Charismatic Megaparks

Supersized parks for the new millennium.

cities, parks


Eric Tamulonis


Talia Manning


Brittany Coyle

Imagine: New parks so big they can change a region.

Now, what shall we call these places? Let's look to the field of ecology's term "charismatic megafauna," the name for big species, such as gorillas and elephants, whose identity transcends their habitat. Accordingly, this ambitious new "species" of parks for the new millennium can be called Charismatic Megaparks.

Since the urban park "bloom" of the late 19th and early 20th centuries, never have so many new, major municipal parks—megaparks—been developed. Why is this? Are communities deciding that open space is their best and most economical agent of change for the better? Costing tens of millions and attracting unprecedented attention and spinoff investment,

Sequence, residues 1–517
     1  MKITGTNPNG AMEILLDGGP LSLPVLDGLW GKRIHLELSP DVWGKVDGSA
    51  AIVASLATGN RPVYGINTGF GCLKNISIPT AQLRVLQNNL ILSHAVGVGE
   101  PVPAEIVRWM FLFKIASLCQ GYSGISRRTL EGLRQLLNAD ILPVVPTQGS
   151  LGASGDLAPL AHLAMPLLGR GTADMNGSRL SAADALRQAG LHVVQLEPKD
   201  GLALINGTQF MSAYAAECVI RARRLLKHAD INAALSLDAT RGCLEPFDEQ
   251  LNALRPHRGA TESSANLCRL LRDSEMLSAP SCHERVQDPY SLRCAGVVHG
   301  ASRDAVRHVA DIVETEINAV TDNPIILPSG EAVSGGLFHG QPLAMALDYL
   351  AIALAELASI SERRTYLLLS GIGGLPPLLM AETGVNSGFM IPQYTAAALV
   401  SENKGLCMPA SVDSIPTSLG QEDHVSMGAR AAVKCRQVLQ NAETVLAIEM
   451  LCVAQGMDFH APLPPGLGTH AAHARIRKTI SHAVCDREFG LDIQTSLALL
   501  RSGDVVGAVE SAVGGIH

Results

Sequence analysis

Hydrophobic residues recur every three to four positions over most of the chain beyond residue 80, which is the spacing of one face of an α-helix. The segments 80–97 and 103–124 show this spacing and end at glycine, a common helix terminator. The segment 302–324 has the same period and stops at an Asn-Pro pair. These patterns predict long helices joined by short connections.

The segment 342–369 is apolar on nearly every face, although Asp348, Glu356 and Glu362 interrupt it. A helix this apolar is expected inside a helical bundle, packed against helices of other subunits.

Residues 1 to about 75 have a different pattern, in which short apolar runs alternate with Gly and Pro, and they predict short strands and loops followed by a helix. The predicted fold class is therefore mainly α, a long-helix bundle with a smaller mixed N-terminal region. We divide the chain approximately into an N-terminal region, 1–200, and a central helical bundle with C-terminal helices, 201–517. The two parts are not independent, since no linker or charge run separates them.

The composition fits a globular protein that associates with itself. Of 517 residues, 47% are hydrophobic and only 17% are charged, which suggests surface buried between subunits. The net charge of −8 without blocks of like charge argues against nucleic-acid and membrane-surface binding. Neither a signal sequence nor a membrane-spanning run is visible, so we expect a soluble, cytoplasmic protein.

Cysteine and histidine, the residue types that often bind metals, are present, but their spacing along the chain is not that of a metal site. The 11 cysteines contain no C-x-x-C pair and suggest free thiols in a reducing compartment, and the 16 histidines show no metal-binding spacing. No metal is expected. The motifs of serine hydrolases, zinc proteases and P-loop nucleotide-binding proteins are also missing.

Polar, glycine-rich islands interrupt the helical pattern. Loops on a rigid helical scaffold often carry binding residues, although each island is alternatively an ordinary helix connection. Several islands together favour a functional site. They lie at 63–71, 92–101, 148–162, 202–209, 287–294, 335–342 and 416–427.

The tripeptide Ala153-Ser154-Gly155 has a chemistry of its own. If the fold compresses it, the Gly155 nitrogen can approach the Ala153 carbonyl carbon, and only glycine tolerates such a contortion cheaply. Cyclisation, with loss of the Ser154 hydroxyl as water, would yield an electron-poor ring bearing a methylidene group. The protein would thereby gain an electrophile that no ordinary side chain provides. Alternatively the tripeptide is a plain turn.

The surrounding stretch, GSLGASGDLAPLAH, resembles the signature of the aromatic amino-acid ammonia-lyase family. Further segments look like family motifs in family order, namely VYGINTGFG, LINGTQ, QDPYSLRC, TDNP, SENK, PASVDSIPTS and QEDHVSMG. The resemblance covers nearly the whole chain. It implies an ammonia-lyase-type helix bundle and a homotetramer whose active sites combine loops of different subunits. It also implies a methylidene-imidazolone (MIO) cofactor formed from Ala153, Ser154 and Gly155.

these parks bring together civic ambition, quality of life, and development opportunity, along with environmental and cutural values. Parks in New York, Los Angeles, and Memphis—as well as WRT's work in Dallas, Louisville, and Birmingham—are reshaping city life and helping to change destiny.

Not without controversy, the question remains whether megaparks will drain resources from established park systems...or if they will be part of the rising green tide that floats all parks.